Scott Hardie: “It sucked.”
Maybe James L. Brooks has been making cartoons too long. This sub-sitcom "drama" bears no resemblance to real life, but it strives for heart-wrenching drama in nearly every scene. A character is in meltdown at any given moment, and the endless string of crises really tests an audience's willingness to care. This family needs professional therapy, not a cinematic stereotype, the magical poor racial-minority who solves all the white folks' problems. Whatever dramatic-acting cred Adam Sandler built up in Punch-Drunk Love is torpedoed here; he joins everyone else in a hyperactive scene-chewing frenzy. Some movies need to be medicated.
Jackie Mason: I actually think Tea Leoni added to the hyperactive frustration of this movie more than Adam Sander. What frustrated me also was the language barrier between the two of them. Sandler and the housekeeper. Even their no release foreplay that goes no where left you frustrated. It was just...odd.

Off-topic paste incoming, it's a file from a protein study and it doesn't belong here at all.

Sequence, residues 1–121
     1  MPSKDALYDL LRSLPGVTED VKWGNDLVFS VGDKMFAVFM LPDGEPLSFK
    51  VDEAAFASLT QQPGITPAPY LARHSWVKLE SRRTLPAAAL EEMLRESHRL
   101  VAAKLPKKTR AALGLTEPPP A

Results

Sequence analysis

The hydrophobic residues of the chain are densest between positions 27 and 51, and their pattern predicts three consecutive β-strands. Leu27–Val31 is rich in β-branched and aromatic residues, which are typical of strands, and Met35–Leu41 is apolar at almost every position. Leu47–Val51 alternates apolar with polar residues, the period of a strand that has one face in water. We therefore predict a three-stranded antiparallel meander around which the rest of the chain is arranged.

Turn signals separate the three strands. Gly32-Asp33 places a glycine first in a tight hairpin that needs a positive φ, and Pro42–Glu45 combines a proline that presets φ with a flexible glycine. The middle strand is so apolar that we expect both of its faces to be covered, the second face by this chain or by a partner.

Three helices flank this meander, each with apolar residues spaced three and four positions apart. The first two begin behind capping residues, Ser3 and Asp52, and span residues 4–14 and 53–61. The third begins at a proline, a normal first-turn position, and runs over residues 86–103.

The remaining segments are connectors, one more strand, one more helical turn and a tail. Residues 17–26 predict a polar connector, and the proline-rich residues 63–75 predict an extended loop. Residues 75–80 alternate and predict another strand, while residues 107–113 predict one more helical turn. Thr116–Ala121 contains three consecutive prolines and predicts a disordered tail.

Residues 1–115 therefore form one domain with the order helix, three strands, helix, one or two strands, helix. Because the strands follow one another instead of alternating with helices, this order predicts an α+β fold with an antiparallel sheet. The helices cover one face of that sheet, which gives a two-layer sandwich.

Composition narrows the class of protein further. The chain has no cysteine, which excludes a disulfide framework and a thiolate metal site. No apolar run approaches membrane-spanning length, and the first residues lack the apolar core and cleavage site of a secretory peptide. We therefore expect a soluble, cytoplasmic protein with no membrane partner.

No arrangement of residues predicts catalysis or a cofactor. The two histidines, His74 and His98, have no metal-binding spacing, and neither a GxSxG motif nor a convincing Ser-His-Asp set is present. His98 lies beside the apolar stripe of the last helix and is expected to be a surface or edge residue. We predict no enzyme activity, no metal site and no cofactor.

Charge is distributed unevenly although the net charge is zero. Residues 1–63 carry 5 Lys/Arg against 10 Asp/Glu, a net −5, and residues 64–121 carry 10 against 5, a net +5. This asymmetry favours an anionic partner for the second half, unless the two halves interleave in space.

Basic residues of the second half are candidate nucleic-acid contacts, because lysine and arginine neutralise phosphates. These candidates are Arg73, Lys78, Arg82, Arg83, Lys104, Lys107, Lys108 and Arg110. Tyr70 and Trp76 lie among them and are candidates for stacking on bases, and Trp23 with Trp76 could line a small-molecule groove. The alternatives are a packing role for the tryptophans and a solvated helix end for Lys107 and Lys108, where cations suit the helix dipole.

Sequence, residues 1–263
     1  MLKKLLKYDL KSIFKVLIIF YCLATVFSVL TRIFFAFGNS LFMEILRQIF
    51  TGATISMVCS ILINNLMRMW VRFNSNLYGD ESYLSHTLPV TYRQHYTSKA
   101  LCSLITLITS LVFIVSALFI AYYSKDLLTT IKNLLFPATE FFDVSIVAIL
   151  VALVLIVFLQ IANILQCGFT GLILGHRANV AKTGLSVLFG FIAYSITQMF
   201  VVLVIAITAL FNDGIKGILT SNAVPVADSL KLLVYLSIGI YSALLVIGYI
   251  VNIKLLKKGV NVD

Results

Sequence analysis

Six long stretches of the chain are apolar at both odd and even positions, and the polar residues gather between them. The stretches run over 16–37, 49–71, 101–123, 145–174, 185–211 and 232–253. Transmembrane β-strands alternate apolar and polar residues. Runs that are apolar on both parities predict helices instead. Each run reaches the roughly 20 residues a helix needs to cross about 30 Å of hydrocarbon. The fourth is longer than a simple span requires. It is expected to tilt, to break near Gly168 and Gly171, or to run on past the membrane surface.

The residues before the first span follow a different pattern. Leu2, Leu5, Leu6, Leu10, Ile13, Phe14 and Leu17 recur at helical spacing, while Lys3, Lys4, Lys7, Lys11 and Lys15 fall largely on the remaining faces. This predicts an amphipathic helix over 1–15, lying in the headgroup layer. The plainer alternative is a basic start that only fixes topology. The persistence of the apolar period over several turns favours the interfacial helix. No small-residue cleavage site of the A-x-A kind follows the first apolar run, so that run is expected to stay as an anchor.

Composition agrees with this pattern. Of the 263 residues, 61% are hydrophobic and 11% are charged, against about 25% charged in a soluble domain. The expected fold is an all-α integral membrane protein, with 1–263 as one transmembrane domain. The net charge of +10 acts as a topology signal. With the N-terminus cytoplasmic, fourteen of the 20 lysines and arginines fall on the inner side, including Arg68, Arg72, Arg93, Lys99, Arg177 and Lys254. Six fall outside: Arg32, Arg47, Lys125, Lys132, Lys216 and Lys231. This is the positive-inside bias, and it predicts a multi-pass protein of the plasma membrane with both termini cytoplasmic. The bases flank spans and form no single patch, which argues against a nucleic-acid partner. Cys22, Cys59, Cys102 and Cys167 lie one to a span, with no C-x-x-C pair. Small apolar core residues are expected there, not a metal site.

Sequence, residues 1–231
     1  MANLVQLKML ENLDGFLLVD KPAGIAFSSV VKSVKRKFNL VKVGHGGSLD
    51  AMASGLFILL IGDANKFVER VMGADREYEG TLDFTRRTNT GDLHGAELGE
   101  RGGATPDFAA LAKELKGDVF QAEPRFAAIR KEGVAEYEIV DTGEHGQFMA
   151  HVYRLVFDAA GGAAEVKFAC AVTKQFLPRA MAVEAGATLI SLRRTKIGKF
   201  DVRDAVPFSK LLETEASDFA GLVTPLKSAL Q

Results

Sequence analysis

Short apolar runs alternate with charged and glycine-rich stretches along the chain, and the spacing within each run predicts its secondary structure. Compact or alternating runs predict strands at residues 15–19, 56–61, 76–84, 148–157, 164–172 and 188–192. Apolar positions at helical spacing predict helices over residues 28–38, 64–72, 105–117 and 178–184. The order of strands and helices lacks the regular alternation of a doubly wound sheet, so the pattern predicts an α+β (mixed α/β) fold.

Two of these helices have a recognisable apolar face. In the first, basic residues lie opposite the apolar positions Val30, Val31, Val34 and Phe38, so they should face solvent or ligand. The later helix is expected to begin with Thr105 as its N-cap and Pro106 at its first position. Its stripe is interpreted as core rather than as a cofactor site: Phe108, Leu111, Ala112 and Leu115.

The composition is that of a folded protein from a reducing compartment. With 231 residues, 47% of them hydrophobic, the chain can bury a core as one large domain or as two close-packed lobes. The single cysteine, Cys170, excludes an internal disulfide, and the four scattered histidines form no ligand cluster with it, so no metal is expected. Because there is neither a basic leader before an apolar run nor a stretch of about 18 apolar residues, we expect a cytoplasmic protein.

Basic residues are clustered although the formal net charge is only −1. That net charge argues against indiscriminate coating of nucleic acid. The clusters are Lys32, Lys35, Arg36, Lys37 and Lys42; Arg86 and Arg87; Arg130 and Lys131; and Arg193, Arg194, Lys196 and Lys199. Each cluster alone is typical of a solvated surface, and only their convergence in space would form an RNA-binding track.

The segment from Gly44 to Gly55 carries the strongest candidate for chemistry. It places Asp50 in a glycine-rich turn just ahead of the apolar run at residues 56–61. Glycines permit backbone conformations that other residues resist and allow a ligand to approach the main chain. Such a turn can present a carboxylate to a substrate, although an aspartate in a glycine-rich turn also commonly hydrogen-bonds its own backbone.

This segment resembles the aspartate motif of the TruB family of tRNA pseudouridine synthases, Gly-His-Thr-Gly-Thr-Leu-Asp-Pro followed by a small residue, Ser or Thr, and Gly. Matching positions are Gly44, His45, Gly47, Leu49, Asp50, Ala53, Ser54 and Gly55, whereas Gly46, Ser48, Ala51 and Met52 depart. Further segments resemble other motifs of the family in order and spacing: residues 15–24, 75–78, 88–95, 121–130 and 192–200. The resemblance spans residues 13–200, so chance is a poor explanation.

Then you realize that this is narrated by the daughter. The point of view is odd too because some of those scenes are not scenes that the daugher or the housekeeper mother would have bore witness to.
The only thing I did like about this movie was that the daughters were able to establish positive relationships with the other mom because they felt like their own mother didn't get it. − July 30, 2008 more by Jackie
Lori Lancaster: I thought the movie was Ok. :P − November 16, 2008 more by Lori
Amy Austin: I thought it was ok, too... though Tea Leoni's character *did* get on my nerves severely. − November 16, 2008 more by Amy